The failure of these obsessively anti-Arab, anti-Muslim characters to discern between genuine "bad guys" and just regular guys like Mazen does a grave disservice to all Americans. Instead of being viewed as legitimate sources, they should be held accountable for their intolerance. It is a shame that they do what they do, and a bigger shame that no one in the mainstream media has wisdom or the courage to see them for what they are – or question their credibility.

Back to Mazen and the Obama campaign.

To his credit, Mazen has been as graceful and thoughtful in adversity as he was upon assuming his post. He remains committed to Barack Obama’s election, and to empowering his community. And because he didn’t want to become the issue, he stepped aside and will find other ways to serve. Despite this regrettable setback, the Obama campaign will continue its outreach efforts. But, we must ask, what about the fate of the next Arab American or American Muslim to seek such a position of service?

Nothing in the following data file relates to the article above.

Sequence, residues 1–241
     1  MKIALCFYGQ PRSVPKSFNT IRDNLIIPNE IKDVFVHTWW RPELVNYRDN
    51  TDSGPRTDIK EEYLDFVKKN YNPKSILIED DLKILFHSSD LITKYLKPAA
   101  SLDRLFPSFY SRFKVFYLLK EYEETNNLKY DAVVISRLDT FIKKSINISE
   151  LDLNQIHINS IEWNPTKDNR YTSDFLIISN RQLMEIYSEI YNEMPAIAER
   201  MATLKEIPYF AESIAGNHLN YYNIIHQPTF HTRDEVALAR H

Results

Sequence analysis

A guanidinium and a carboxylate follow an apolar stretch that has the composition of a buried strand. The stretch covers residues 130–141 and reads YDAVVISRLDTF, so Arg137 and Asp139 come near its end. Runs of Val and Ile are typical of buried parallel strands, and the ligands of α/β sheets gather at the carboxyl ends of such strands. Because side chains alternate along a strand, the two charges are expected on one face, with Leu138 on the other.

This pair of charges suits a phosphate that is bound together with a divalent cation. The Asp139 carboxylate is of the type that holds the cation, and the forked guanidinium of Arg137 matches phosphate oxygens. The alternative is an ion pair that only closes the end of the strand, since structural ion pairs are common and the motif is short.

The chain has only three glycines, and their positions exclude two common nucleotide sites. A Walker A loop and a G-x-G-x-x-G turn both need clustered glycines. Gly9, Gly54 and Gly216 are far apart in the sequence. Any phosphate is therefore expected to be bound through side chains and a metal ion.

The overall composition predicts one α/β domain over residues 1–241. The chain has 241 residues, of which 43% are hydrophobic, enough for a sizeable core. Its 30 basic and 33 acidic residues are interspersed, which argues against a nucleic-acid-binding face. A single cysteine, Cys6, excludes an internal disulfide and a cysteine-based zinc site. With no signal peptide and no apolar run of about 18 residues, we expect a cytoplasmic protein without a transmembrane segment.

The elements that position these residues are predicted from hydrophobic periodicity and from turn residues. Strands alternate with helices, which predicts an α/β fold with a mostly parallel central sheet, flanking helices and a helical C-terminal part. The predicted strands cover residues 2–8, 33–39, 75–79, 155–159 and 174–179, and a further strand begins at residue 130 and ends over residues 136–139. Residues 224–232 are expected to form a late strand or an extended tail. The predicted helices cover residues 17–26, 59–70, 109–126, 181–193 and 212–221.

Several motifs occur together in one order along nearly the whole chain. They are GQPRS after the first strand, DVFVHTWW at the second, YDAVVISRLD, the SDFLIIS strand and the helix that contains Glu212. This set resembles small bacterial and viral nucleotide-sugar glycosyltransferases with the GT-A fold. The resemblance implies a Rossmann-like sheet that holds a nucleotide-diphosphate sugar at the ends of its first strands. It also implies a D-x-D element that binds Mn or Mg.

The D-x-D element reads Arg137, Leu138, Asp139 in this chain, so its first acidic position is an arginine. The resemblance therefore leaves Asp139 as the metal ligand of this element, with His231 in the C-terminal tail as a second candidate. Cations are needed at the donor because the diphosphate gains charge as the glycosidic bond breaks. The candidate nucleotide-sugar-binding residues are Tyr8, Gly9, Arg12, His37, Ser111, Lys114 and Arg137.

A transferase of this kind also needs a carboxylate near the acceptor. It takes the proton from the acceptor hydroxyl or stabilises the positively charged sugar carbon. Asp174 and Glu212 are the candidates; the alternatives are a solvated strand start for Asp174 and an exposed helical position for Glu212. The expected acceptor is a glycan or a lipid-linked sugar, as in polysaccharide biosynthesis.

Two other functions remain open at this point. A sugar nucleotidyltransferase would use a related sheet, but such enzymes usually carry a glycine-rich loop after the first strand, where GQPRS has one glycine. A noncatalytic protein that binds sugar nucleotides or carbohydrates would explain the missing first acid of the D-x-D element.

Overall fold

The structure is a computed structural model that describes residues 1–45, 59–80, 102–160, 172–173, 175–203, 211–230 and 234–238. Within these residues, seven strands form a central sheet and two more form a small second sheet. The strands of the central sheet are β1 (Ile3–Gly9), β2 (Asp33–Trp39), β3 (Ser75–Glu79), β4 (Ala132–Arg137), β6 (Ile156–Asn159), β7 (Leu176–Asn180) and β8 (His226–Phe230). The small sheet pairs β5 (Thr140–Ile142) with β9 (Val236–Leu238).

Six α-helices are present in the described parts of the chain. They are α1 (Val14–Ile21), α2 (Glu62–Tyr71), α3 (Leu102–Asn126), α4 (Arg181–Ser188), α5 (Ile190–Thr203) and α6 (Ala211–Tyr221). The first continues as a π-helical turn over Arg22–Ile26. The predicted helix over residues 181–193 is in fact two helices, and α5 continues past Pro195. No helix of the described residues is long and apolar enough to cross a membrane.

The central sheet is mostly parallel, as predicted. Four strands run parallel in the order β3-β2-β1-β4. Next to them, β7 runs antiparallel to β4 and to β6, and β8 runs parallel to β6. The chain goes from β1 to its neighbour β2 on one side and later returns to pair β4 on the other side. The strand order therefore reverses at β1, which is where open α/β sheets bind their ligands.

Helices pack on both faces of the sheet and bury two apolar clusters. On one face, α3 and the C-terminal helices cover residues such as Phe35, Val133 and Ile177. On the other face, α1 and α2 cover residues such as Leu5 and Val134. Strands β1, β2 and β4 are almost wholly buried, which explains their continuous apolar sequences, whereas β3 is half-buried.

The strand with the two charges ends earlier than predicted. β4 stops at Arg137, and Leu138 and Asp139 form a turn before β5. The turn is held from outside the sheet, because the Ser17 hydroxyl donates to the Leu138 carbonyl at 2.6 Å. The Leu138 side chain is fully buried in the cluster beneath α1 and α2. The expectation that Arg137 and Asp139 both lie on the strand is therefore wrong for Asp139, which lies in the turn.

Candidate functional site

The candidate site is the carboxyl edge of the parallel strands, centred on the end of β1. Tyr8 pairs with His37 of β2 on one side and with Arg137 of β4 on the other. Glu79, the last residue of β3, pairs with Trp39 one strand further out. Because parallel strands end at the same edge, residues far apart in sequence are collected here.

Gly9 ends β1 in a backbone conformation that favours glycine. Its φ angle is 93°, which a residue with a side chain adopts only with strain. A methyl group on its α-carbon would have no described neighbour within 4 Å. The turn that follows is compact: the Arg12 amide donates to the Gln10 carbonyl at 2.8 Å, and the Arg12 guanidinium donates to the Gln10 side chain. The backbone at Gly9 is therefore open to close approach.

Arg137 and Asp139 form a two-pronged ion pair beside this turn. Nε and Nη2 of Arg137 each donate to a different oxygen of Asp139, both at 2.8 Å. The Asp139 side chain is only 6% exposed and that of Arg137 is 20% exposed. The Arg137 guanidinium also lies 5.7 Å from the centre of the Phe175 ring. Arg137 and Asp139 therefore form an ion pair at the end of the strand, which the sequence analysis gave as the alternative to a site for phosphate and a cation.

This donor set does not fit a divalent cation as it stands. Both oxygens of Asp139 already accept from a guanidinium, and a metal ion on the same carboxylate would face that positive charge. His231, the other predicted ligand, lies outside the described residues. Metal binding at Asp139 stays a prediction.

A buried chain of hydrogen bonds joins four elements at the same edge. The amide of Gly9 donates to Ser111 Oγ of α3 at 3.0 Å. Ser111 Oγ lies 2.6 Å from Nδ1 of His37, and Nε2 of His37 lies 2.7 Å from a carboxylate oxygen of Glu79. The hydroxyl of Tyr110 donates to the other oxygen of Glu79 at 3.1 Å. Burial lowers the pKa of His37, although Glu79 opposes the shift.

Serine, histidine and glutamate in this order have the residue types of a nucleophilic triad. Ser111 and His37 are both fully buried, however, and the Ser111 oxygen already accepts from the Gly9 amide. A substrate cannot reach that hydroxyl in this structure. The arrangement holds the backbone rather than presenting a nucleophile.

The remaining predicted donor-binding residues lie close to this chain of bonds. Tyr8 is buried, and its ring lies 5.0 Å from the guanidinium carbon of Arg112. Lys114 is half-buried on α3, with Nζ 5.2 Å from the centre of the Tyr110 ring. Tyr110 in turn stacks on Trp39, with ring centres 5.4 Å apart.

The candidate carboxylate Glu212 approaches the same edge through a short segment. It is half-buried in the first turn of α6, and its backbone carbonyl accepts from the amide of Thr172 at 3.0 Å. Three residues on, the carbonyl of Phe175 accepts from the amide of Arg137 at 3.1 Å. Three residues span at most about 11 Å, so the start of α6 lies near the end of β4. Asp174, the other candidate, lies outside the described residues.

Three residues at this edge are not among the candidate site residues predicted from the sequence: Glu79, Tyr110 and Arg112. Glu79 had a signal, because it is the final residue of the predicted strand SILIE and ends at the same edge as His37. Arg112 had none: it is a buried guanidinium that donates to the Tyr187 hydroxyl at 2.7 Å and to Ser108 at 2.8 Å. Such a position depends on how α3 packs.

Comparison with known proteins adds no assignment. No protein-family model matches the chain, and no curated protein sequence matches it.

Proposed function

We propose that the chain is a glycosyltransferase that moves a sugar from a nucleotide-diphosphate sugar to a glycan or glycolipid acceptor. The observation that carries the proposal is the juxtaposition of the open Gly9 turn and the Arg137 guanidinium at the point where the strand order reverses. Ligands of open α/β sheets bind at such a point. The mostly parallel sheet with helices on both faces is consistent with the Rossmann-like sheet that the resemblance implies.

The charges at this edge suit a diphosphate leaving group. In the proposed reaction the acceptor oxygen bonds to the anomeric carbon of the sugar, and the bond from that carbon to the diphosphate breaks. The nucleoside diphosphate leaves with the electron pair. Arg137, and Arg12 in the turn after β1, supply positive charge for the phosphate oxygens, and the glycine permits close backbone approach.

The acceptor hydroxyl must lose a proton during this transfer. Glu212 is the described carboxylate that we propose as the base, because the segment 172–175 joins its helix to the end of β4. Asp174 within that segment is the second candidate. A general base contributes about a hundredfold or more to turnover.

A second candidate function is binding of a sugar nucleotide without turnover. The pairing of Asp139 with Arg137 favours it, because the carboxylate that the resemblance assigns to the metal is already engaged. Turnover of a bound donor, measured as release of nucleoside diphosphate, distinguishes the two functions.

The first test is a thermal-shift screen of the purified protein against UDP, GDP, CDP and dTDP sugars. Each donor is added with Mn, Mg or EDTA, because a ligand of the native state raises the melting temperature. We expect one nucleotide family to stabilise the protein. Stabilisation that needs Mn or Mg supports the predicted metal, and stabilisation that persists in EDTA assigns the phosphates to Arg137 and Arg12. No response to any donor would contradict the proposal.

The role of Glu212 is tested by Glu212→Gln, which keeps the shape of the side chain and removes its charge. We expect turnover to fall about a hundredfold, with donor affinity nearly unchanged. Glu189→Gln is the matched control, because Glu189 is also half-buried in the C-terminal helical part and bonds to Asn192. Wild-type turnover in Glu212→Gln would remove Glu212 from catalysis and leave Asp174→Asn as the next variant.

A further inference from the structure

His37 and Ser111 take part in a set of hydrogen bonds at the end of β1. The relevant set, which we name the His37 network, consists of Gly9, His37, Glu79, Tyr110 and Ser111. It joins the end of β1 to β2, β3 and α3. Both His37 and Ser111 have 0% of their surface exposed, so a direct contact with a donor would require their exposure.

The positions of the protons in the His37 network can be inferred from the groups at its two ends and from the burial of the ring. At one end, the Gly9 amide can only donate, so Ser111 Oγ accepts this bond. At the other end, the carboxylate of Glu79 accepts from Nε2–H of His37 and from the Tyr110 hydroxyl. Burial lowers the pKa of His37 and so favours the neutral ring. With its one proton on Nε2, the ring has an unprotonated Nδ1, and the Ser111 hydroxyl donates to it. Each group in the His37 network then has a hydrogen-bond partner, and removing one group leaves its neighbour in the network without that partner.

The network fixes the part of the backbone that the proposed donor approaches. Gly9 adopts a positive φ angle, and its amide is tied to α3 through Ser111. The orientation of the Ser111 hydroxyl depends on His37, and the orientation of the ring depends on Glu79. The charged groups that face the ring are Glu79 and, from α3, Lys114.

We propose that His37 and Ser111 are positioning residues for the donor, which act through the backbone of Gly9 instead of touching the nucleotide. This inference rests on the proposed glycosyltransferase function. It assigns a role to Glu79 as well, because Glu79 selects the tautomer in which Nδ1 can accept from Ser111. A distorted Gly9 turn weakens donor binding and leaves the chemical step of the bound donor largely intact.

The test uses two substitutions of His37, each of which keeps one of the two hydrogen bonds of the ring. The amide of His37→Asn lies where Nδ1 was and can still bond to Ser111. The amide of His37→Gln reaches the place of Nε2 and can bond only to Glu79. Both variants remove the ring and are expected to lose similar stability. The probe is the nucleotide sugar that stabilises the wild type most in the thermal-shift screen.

If we are to advance as a nation in the important work of including all of our citizens in the political process, we must not allow a return to "the bad old days." And if we are to take advantage of the incredible resources provided by the Arab American and American Muslim communities, then we must include them – not only because it is the right thing to do, but because our inclusion of them and their involvement in all aspects of our society and politics is so critically important in our efforts to engage the world in which we live.